Thanks
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    (Original post by ergo30)
    Question about A-level:

    Is it like GCSE where there is not actually context but the issue is when you have to apply the knowledge learnt in exams or is it where there is a lot more context to learn and is mainly about memorizing everything?

    Thanks
    I presume you mean content, not context. A-Level is certainly not more about rote-learning than GCSE is.
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    (Original post by Ronove)
    I presume you mean content, not context. A-Level is certainly not more about rote-learning than GCSE is.
    Yeah sure about the misuse of Context. hehe
    I do it sometimes when I try typing in a rush and don't recheck posts.
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    This is purely my own personal view:

    But I would do Chemistry (we've established it's almost a must) instead of Psychology.

    I did Psychology for AS because I thought it would interest me, and I still have respect/interest for the subject in general. But at AS/A-level? It was disappointing. There was no real discussion or exploration of Psychology at all. From what I recall it was like a weird mix of a bit of statistics, a bit of making ad verbatim arguments for and against various study designs, and memorising endless key studies. It was like the study of the study of Psychology, not the subject itself. I felt it really let the subject material down. We also spent at least a few lessons doing things like making hats, colouring, watching films.. I'm not a complete square, but an entire lesson making hats?

    I dropped it even though it was my best mark, I found it that uninspiring.

    EDIT: I think it would be daft to go on my hearsay alone, though. You might feel very differently or the course might be different now or where you are. A lot can depend on the teacher. Why don't you start with Bio, Chem, Physics, Psych and History and decide which one to drop after a period of weeks? This can't do you any harm. You can even do 5 AS levels, it's perfectly possible - but ofc don't compromise your grades to do this if you are struggling with a key subject for medicine.
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    (Original post by Pigling)
    This is purely my own personal view:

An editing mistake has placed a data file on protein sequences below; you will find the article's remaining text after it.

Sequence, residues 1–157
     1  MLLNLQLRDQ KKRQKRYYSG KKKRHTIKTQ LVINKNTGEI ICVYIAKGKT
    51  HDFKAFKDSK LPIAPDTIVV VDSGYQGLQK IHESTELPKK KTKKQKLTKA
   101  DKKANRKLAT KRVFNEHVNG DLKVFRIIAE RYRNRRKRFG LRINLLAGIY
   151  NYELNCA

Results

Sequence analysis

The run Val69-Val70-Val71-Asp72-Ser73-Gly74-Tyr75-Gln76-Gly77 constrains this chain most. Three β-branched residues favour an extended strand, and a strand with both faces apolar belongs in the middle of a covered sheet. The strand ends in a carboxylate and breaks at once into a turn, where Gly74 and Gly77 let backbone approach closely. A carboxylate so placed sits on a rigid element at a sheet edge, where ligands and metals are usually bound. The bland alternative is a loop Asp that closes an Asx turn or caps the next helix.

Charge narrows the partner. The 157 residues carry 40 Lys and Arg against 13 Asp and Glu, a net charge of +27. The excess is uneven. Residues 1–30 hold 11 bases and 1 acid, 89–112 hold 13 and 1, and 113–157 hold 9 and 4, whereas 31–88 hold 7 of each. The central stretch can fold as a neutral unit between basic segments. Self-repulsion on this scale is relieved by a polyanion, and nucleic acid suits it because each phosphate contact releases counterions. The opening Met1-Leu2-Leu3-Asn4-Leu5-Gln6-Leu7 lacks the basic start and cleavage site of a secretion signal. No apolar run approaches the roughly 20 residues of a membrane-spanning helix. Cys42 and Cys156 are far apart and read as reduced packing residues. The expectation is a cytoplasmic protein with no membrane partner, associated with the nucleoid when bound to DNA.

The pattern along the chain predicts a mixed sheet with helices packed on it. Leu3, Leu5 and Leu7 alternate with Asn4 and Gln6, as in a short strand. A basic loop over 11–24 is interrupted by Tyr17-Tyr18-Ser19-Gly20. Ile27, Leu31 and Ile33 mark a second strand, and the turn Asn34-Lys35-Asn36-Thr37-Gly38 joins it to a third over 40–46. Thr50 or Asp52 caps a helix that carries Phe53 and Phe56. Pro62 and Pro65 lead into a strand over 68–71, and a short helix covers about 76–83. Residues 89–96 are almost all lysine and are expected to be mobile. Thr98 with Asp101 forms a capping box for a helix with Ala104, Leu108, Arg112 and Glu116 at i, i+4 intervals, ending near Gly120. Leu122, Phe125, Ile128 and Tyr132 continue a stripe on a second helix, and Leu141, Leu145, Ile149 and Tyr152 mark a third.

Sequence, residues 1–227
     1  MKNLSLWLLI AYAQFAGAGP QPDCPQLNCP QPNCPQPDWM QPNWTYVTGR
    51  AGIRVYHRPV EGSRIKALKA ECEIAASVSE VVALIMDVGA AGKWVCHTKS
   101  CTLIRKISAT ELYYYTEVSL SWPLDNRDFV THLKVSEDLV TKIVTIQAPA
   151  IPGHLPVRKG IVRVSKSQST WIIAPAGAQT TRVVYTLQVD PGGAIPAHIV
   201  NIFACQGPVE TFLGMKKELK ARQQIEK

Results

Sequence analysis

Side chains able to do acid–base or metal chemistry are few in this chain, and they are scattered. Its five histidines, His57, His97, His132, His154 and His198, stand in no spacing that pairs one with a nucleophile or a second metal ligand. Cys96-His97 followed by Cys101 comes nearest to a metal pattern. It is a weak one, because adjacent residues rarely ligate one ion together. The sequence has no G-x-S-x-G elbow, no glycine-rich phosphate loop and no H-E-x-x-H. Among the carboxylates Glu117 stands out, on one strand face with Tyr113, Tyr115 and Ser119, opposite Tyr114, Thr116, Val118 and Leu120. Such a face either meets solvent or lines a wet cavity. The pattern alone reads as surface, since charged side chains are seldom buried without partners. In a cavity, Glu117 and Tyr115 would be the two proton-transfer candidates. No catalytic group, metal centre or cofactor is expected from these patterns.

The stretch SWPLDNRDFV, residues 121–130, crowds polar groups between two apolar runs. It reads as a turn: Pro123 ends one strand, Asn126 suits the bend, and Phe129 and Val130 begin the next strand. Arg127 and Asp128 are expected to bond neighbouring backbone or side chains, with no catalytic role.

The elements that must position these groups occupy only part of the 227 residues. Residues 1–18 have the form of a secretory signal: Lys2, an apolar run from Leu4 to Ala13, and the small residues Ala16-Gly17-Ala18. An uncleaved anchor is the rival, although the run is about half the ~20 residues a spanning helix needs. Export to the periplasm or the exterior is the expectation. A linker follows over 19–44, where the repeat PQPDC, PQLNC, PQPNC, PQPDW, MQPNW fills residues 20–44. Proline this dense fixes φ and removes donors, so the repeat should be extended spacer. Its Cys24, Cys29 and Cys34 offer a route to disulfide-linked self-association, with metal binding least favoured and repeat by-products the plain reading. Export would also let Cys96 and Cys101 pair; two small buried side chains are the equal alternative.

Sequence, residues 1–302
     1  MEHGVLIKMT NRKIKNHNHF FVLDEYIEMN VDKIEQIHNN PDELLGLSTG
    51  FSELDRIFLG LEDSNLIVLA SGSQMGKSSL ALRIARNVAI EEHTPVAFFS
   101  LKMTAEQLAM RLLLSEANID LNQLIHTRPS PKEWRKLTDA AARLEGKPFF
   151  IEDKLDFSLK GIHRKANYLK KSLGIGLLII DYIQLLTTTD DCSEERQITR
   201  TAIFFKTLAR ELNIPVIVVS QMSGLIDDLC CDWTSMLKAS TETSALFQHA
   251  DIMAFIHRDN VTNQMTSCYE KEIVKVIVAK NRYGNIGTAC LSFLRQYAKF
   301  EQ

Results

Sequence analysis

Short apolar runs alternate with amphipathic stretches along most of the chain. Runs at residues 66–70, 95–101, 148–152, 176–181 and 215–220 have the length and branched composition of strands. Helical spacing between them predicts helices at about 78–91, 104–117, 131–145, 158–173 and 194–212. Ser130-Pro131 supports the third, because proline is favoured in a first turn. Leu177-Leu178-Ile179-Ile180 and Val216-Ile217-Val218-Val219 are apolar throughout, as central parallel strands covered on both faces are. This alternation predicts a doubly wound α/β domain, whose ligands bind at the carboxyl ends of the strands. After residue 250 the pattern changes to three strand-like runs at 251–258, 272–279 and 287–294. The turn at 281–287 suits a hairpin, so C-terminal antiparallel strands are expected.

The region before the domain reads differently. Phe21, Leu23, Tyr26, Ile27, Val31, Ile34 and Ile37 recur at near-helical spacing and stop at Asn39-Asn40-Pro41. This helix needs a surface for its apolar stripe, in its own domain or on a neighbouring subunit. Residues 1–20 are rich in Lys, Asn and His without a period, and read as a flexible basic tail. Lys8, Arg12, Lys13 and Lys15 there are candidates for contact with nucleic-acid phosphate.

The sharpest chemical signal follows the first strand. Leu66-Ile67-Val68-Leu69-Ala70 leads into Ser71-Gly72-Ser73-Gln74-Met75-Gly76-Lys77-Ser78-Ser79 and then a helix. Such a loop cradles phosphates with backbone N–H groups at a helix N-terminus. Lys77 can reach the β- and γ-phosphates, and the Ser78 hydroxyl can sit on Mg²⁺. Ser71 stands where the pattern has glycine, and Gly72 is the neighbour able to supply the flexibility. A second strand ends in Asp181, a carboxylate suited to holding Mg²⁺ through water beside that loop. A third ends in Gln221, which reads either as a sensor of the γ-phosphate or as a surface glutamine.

But I would do Chemistry (we've established it's almost a must) instead of Psychology.

    I did Psychology for AS because I thought it would interest me, and I still have respect/interest for the subject in general. But at AS/A-level? It was disappointing. There was no real discussion or exploration of Psychology at all. From what I recall it was like a weird mix of a bit of statistics, a bit of making ad verbatim arguments for and against various study designs, and memorising endless key studies. It was like the study of the study of Psychology, not the subject itself. I felt it really let the subject material down. We also spent at least a few lessons doing things like making hats, colouring, watching films.. I'm not a complete square, but an entire lesson making hats?

    I dropped it even though it was my best mark, I found it that uninspiring.

    EDIT: I think it would be daft to go on my hearsay alone, though. You might feel very differently or the course might be different now or where you are. A lot can depend on the teacher. Why don't you start with Bio, Chem, Physics, Psych and History and decide which one to drop after a period of weeks? This can't do you any harm. You can even do 5 AS levels, it's perfectly possible - but ofc don't compromise your grades to do this if you are struggling with a key subject for medicine.

    I am going to email the head of the sixth form I am planning on going to and ask if I can do this - sounds like a really good option
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    (Original post by augustbaby)
    So would you recommend doing Chemistry instead of which subject?
    A2 Physics might be marginally more useful than the other two. For example, it might make a difference at some Cambridge colleges ("Must have passes in three of Bio/Chem/Maths/Phys with at least one of these at A2") and maybe Imperial ("Chemistry and/or Biology at A or AS level (B at AS-level if one is dropped), plus one other science/maths subject"). Having said that, some other Cambridge colleges won't consider you anyway, and I may be misreading the Imperial text (it's ambiguous). TBH, you'd have to read the wiki article on 'A level requirements' very carefully before you make a decision.

    Don't forget to attend to all the other things you'll need for a successful application (UKCAT, volunteering, work experience, ...)

    Good luck!